Kansas §75-2973 state employees State employees cannot be disciplined for discussing the operations of the agencies with a member or the legislature or for reporting a violation of state or federal law.  They are not required to inform their supervisors before reporting the violation but they are required to inform their supervisors of legislative requests and the nature of the testimony they will provide.  State employees may be disciplined for providing false testimony or disclosing confidential information.  Aggrieved state employees can seek relief in court or before the state civil service board.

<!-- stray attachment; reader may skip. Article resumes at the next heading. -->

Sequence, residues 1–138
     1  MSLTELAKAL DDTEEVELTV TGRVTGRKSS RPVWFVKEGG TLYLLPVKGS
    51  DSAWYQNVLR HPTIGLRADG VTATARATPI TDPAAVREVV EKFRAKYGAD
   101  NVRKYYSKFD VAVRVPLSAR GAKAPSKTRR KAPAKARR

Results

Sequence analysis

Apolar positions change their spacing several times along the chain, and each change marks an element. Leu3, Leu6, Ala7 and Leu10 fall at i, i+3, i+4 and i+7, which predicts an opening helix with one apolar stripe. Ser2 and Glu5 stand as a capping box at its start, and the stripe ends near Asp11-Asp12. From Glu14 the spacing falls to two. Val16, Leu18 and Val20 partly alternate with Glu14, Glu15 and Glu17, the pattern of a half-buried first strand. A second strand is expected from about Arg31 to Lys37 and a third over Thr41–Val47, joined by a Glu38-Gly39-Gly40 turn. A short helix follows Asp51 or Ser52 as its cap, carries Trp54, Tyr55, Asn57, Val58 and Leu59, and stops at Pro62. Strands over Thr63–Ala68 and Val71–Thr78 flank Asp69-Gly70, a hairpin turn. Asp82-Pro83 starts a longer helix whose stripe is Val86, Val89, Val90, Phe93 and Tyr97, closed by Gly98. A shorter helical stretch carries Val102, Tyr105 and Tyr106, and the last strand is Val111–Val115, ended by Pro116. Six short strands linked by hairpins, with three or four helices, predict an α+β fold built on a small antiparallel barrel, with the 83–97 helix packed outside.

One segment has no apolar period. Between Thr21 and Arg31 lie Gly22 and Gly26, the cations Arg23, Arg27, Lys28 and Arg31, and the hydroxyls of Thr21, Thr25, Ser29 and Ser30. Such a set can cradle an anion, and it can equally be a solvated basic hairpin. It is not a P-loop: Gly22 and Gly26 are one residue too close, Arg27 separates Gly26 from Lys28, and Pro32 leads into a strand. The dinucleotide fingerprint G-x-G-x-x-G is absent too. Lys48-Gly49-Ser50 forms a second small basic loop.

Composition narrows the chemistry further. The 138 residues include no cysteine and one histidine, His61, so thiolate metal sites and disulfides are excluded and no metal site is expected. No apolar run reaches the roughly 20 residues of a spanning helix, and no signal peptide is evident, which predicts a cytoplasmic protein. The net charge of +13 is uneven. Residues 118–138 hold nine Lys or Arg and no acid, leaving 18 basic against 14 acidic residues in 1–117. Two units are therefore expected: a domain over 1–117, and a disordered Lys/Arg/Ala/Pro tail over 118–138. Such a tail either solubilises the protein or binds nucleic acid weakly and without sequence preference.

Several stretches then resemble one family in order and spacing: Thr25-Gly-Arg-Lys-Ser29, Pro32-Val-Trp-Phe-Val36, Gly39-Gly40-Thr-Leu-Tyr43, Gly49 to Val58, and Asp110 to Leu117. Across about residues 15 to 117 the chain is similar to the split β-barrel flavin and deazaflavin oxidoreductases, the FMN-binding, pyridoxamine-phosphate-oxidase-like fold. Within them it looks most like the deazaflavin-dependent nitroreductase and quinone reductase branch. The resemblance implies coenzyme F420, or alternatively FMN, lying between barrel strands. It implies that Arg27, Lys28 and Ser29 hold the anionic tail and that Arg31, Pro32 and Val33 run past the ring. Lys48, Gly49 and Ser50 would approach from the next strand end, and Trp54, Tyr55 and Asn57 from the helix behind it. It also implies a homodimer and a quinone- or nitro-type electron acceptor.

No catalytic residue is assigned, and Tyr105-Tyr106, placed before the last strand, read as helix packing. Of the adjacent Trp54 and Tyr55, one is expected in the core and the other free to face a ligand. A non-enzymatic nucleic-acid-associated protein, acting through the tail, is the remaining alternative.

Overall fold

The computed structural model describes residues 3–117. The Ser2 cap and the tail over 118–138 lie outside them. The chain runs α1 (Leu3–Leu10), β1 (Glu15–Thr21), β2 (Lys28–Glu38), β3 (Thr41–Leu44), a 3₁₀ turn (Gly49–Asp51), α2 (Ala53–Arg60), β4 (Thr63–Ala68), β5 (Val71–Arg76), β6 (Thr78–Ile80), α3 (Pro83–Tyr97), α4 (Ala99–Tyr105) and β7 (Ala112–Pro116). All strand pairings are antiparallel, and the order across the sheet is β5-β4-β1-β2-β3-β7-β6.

Kentucky §61.102 et seq. state employees The state and political subdivisions cannot retaliate, threaten or discriminate against an employee who in good faith reports to state officials or agencies, the General Assembly, the Legislative Research Commission, judicial branch or law enforcement agencies a violation or suspected violation of state, federal or local law or regulation, or mismanagement, waste, fraud or endangerment of the public health.  Employees are not required to give notice prior to making such a report but can be required to inform their employer of any official request to the agency for information and the substance of the testimony to be provided.  Employees may be disciplined for providing false or confidential information.  An aggrieved employee may file suit within 90 days for damages, reinstatement and back-pay.